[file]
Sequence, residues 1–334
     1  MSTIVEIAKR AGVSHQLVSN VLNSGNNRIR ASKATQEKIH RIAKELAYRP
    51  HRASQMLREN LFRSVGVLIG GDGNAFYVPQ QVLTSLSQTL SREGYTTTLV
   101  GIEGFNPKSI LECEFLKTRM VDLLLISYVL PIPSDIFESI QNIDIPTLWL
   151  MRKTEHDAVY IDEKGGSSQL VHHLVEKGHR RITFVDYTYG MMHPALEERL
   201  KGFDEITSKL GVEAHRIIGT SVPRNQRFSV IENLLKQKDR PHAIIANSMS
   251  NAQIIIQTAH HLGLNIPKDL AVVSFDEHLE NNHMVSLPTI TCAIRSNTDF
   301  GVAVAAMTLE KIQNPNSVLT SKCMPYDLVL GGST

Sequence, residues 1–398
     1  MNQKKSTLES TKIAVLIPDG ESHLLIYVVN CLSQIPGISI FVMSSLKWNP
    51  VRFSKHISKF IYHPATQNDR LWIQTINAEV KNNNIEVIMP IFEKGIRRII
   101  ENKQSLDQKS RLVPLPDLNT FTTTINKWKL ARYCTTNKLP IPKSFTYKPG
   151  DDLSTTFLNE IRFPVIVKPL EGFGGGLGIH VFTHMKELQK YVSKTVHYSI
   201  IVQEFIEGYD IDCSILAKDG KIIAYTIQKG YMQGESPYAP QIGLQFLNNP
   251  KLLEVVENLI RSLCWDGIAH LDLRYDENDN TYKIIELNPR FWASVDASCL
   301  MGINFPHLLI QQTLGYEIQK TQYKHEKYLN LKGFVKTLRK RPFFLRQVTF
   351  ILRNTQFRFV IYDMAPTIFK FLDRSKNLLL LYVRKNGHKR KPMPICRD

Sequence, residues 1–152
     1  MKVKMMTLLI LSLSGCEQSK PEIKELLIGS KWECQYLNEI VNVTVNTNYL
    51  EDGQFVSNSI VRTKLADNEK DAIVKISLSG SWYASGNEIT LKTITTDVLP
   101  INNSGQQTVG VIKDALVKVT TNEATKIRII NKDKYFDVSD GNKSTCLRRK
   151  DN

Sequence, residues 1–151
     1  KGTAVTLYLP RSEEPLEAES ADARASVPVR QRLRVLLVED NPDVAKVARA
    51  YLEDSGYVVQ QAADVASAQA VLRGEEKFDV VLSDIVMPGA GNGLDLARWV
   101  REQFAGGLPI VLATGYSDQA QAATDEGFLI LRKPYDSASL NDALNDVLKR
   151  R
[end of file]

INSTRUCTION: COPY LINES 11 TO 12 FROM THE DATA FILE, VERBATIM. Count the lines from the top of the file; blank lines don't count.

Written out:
    51  VRFSKHISKF IYHPATQNDR LWIQTINAEV KNNNIEVIMP IFEKGIRRII
   101  ENKQSLDQKS RLVPLPDLNT FTTTINKWKL ARYCTTNKLP IPKSFTYKPG